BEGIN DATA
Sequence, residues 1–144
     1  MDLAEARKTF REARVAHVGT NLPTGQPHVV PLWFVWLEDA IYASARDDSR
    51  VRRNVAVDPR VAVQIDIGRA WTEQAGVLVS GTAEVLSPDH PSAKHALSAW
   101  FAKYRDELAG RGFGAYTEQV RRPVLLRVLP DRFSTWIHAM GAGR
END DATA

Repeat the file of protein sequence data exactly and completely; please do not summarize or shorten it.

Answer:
Sequence, residues 1–144
     1  MDLAEARKTF REARVAHVGT NLPTGQPHVV PLWFVWLEDA IYASARDDSR
    51  VRRNVAVDPR VAVQIDIGRA WTEQAGVLVS GTAEVLSPDH PSAKHALSAW
   101  FAKYRDELAG RGFGAYTEQV RRPVLLRVLP DRFSTWIHAM GAGR